-those women whose career is to be a nanny, au pair or live in caregiver are not funded

What the plan also ignores are

-parents who offshift each other earning and tending the child

-mothers who do paid work weekends or evenings only, when the dad is home with the kids

-mothers who take the child to paid work such as driving a school bus or in a mom and pop grocery store

-mothers at home full time because the other parent is on foreign assignment, in the military or in a profession that has a lot of travel. In the absence of one parent they may feel they are therefore crucial to the child’s sense of stability so that both parents are not gone at the same time.

-mothers or fathers with paid work hours on evening shifts where the childcare plan does not have hours they need anyway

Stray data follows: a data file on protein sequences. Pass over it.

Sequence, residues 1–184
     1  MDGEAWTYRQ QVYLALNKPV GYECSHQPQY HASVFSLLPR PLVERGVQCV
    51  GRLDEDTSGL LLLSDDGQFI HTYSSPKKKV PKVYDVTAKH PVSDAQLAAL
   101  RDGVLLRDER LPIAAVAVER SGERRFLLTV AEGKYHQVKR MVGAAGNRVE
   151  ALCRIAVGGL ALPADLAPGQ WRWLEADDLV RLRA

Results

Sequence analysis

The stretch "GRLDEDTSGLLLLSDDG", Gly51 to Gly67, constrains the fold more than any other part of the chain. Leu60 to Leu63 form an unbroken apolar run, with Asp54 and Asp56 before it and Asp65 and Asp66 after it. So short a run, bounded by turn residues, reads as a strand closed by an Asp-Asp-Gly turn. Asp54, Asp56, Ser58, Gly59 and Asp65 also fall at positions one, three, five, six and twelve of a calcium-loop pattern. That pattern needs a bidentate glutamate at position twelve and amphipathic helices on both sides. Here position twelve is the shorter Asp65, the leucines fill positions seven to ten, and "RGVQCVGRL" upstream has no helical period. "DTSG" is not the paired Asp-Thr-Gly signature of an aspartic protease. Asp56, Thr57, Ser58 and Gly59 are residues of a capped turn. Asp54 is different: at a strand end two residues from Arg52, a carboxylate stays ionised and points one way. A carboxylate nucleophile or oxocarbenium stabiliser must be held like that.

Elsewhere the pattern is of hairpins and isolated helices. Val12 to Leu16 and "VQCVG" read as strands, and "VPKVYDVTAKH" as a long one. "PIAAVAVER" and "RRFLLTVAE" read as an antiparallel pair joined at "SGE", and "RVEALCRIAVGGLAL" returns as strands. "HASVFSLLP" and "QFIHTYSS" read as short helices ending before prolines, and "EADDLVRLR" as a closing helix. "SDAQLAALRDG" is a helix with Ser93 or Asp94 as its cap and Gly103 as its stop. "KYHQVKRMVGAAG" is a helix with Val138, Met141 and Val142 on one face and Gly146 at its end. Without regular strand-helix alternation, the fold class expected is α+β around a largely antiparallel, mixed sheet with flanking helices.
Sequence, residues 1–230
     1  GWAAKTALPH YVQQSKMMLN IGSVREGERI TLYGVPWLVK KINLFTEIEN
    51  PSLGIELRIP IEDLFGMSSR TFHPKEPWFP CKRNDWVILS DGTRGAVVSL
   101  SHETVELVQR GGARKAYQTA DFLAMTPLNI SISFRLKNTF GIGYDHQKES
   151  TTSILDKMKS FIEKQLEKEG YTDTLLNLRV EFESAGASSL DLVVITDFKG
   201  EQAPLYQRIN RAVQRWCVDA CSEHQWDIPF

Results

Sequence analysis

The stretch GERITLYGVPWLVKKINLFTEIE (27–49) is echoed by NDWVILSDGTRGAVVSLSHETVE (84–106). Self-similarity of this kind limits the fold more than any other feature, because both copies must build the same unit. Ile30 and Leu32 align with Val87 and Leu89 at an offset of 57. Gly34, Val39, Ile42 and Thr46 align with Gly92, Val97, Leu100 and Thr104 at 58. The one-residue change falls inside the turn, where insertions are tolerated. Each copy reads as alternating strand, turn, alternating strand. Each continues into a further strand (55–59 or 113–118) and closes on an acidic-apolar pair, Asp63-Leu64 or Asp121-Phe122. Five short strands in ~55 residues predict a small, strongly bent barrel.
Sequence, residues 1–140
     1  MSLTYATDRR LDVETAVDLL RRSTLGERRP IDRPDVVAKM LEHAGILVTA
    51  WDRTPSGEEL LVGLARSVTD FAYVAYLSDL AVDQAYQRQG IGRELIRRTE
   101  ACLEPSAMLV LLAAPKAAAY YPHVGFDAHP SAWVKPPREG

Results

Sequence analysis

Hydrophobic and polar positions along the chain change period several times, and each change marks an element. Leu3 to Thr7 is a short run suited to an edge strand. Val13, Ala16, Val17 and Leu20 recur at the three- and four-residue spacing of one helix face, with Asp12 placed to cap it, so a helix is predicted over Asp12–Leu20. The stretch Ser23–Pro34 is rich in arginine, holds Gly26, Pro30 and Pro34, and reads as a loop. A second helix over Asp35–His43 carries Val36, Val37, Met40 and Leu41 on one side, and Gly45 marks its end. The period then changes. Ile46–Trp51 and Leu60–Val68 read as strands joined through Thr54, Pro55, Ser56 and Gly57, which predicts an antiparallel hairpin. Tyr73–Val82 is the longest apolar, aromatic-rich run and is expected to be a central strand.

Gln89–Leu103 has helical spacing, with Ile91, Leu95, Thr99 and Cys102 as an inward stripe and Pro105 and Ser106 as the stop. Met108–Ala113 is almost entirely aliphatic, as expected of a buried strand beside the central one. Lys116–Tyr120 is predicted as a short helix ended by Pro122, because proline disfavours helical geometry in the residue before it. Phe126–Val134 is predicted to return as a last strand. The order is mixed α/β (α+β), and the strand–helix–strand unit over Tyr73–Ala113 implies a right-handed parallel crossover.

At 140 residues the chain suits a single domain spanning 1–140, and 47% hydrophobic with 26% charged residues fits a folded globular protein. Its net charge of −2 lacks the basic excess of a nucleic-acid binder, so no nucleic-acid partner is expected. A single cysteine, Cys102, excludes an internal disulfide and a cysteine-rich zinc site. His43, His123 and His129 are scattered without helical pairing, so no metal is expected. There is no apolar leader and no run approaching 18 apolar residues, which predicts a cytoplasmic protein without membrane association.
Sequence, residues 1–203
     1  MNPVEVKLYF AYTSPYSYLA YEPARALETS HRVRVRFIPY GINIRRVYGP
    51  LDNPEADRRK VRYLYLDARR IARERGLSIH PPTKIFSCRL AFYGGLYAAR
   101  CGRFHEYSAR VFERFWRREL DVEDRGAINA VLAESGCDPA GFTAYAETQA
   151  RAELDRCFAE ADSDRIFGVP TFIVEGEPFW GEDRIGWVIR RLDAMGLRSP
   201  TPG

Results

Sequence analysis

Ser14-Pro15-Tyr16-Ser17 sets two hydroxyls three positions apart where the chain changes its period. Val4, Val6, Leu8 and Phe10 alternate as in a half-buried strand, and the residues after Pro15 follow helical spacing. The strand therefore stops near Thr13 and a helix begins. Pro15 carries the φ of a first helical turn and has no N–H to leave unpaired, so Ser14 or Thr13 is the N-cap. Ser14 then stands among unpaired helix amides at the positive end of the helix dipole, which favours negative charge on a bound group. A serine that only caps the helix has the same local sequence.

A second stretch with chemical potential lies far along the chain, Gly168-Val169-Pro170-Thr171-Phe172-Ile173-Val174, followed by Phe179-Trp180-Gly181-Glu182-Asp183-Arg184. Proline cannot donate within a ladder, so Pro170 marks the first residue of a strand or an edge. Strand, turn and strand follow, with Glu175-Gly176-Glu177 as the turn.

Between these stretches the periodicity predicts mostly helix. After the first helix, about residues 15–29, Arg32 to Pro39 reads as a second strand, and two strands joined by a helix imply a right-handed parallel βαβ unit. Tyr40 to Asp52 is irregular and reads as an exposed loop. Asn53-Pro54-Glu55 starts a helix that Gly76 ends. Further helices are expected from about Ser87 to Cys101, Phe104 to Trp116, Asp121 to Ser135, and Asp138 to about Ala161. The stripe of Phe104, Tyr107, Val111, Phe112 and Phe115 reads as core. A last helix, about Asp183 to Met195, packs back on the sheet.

-mothers or fathers who live rurally and find it illogical to drive great distances daily to another town for childcare


-mothers at home full time by preference and who are so committed to being with their child they endure  living near the poverty level to do so

-fathers at home

In other words this ‘inclusive plan’ excludes a lot of people and lifestyles they are entitled to have without penalty in a free society. By ignoring those parents it also ignores their kids, and deprives them of the vital legal principle of ‘equal benefit under the law”

9. negative outcomes of the Quebec model it wishes to imitate

We teachers want education to have positive outcomes. It is true however that children also ‘\learn’ by imitation and sometimes exposed to large groups may be getting messsages not intended. Several studies by economists Milligan and Lefebvre have found that